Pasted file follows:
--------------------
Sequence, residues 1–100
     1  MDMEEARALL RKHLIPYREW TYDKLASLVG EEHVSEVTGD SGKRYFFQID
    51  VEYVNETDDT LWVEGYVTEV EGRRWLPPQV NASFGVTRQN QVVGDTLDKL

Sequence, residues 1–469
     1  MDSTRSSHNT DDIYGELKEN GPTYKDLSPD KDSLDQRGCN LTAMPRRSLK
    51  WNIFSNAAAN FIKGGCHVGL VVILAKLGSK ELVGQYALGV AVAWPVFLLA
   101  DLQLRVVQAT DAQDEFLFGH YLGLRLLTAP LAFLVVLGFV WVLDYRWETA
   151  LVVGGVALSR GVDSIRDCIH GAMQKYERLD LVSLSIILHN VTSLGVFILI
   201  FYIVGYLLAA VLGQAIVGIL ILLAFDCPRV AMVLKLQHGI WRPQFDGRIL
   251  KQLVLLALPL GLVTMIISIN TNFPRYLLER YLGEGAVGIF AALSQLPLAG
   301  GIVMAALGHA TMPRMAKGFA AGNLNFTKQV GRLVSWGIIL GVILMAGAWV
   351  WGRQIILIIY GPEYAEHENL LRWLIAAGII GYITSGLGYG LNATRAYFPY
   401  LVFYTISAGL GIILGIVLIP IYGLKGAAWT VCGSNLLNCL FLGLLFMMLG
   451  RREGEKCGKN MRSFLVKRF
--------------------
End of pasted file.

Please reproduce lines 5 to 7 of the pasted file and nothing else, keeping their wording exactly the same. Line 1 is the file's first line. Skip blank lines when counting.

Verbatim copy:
     1  MDSTRSSHNT DDIYGELKEN GPTYKDLSPD KDSLDQRGCN LTAMPRRSLK
    51  WNIFSNAAAN FIKGGCHVGL VVILAKLGSK ELVGQYALGV AVAWPVFLLA
   101  DLQLRVVQAT DAQDEFLFGH YLGLRLLTAP LAFLVVLGFV WVLDYRWETA